The network-internal neuron-to-neuron connections are created at random. This will lead to the existence of cyclic (“recurrent”) connection pathways inside the network. Neural activation can reverberate inside the network along these cyclic pathways. The network therefore can autonomously generate complex neurodynamical patterns even when it receives no input. Following the terminology of the reservoir computing [56, 6], I refer to such randomly connected neural networks as reservoirs.

Figure 1: Deriving conceptors from network dynamics. A. Network layout. Arrows indicate synaptic links. B. Driving the reservoir with four different input patterns. Left panels: 20 timesteps of input pattern (black thin line) and conceptor-controlled output (bold light gray). Second column: 20 timesteps of traces

of two randomly picked reservoir neurons. Third column: the singular values

of the reservoir state correlation matrix in logarithmic scale. Last column: the singular values of the conceptors in linear plotting scale. C. From pattern to conceptor. Left: plots of value pairs (dots) of the two neurons shown in first row of B and the resulting ellipse with axis lengths . Right: from (thin light gray) to conceptor (bold dark gray) by normalizing axis lengths to .

For the sake of introducing conceptors by way of an example, consider a reservoir with neurons. I drive this system with a simple sinewave input (first panel in first row in Fig. 1 B). The reservoir becomes entrained to this input, each neuron showing individual variations thereof (Fig. 1 B second panel). The resulting reservoir state sequence can be represented as a cloud of points in the 100-dimensional reservoir state space. The dots in the first panel of Fig. 1 C

show a 2-dimensional projection of this point cloud. By a statistical method known as principal component analysis, the shape of this point cloud can be captured by an

-dimensional ellipsoid whose main axes point in the main scattering directions of the point cloud. This ellipsoid is a geometrical representation of the correlation matrix of the state points. The lengths of the ellipsoid axes are known as the singular values of . The directions and lengths of these axes provide a succinct characterization of the geometry of the state point cloud. The lengths resulting in this example are log-plotted in Fig. 1 B, third column, revealing an exponential fall-off in this case.

As a next step, these lengths are normalized to become , where is a design parameter that I call aperture. This normalization ensures that all are not larger than 1 (last column in Fig. 1 B). A new ellipsoid is obtained (Fig. 1 C right) which is located inside the unit sphere. The normalized ellipsoid can be described by a -dimensional matrix , which I call a conceptor matrix. can be directly expressed in terms of by , where

is the identity matrix.

When a different driving pattern is used, the shape of the state point cloud, and subsequently the conceptor matrix , will be characteristically different. In the example, I drove the reservoir with four patterns (rows in Fig. 1B). The first two patterns were sines of slightly different frequencies, the last two patterns were minor variations of a 5-periodic random pattern. The conceptors derived from the two sine patterns differ considerably from the conceptors induced by the two 5-periodic patterns (last column in Fig. 1B). Within each of these two pairs, the conceptor differences are too small to become visible in the plots.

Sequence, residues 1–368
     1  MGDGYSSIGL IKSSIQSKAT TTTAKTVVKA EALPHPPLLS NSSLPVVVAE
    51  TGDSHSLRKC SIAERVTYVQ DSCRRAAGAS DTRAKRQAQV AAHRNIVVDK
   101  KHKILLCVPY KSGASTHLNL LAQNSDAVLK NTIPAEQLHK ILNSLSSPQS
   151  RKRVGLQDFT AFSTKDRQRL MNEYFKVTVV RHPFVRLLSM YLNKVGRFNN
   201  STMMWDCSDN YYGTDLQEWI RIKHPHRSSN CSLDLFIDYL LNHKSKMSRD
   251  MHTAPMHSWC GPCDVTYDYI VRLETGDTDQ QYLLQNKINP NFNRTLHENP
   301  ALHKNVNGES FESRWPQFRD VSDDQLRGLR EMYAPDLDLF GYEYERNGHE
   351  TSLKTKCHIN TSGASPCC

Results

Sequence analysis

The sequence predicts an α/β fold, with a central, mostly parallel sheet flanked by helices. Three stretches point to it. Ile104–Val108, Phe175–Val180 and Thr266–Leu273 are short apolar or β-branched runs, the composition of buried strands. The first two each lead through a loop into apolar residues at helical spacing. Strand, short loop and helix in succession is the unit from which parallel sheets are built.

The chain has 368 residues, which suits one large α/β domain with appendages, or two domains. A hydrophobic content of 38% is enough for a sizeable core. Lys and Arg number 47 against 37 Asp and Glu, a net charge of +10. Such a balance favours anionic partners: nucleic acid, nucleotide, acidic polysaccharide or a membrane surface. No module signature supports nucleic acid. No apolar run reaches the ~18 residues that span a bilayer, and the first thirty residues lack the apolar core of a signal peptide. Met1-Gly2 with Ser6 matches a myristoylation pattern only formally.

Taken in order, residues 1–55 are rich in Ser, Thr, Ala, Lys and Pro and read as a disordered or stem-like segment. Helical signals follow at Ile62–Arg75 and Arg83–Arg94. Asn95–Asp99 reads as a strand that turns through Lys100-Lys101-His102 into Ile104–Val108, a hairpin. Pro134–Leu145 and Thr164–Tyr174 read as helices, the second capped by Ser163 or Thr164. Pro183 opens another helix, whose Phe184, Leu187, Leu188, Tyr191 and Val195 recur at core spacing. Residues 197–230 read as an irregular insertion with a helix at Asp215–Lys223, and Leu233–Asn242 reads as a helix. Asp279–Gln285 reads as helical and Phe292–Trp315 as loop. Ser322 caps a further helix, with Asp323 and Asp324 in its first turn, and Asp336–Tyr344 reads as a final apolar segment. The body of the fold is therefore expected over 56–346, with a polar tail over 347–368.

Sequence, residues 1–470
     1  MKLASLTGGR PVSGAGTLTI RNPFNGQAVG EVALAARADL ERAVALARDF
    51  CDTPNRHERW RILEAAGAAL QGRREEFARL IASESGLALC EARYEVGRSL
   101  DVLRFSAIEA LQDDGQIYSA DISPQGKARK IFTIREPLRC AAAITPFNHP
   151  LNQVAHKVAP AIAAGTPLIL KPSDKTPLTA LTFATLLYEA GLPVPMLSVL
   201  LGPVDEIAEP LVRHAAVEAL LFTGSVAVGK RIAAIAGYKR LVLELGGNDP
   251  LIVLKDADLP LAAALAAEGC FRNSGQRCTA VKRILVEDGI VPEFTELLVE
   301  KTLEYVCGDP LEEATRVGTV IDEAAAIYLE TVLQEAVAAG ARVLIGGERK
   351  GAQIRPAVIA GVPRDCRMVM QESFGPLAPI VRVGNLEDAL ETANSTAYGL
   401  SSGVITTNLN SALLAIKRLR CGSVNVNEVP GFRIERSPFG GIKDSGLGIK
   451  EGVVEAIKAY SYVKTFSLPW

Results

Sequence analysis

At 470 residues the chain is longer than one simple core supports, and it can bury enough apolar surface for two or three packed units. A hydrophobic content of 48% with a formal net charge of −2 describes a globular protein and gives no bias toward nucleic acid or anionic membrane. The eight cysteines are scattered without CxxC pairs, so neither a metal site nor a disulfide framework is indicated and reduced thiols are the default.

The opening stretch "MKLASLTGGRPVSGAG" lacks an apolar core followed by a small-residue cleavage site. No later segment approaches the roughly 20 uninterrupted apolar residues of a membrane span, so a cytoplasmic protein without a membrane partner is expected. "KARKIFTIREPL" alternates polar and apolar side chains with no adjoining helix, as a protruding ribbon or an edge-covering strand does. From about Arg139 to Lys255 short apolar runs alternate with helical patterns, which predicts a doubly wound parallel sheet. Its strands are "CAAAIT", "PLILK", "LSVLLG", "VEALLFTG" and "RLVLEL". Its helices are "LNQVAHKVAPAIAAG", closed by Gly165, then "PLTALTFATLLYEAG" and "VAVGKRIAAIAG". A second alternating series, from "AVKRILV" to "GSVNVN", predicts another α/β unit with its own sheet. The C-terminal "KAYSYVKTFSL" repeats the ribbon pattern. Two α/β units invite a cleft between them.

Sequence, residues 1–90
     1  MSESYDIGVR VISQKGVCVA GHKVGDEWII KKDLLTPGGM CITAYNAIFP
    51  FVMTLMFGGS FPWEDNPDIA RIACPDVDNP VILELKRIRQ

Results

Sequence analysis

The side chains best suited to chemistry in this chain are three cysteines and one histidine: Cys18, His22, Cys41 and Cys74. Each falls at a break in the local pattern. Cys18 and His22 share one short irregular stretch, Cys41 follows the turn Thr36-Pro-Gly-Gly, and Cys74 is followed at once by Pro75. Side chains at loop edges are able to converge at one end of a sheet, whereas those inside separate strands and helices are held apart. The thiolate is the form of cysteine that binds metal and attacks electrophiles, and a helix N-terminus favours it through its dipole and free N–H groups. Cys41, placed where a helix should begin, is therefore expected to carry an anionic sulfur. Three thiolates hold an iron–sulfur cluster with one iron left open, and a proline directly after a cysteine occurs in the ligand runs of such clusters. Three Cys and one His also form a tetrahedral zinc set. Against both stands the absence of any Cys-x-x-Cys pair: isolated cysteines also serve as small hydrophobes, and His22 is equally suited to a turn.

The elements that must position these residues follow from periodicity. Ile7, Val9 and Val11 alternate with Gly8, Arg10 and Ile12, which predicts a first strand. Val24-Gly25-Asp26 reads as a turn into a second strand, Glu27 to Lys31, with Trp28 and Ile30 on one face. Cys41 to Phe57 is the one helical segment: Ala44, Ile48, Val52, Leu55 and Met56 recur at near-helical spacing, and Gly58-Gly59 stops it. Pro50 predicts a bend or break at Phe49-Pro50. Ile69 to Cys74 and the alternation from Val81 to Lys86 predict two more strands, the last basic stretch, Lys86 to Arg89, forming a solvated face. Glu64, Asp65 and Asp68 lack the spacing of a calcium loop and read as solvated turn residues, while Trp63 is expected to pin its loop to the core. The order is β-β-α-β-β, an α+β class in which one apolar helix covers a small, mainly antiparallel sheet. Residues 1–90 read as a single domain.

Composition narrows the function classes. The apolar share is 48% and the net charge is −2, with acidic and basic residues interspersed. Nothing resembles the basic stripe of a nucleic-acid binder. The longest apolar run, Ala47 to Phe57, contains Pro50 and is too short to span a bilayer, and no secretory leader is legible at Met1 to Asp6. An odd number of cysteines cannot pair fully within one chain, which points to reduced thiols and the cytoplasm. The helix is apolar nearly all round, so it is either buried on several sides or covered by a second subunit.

There is an instructive alternative way to define conceptors. Given a sequence of reservoir states , the conceptor which characterizes this state point cloud is the unique matrix which minimizes the cost function , where is the sum of all squared matrix entries. The first term in this cost would become minimal if were the identity map, the second term would become minimal if would be the all-zero map. The aperture strikes a balance between these two competing cost components. For increasing apertures, will tend toward the identity matrix

; for shrinking apertures it will come out closer to the zero matrix. In the terminology of machine learning,

is hereby defined as a regularized identity map. The explicit solution to this minimization problem is again given by the formula .

Summing up: if a reservoir is driven by a pattern , a conceptor matrix can be obtained from the driven reservoir states as the regularized identity map on these states. can be likewise seen as a normalized ellipsoid characterization of the shape of the point cloud. I write to denote a conceptor derived from a pattern using aperture , or to denote that was obtained from a state correlation matrix .

Loading a reservoir.

With the aid of conceptors a reservoir can re-generate a number of different patterns that it has previously been driven with. For this to work, these patterns have to be learnt by the reservoir in a special sense, which I call loading a reservoir with patterns. The loading procedure works as follows. First, drive the reservoir with the patterns in turn, collecting reservoir states (where ). Then, recompute the reservoir connection weights into such that optimally balances between the following two goals. First, should be such that for all times and patterns . That is, should allow the reservoir to “simulate” the driving input in the absence of the same. Second,

should be such that the weights collected in this matrix become as small as possible. Technically this compromise-seeking learning task amounts to computing what is known as a regularized linear regression, a standard and simple computational task. This idea of “internalizing” a driven dynamics into a reservoir has been independently (re-)introduced under different names and for a variety of purposes (

self-prediction [72], equilibration [55], reservoir regularization [90], self-sensing networks [100], innate training [61]) and appears to be a fundamental RNN adaptation principle.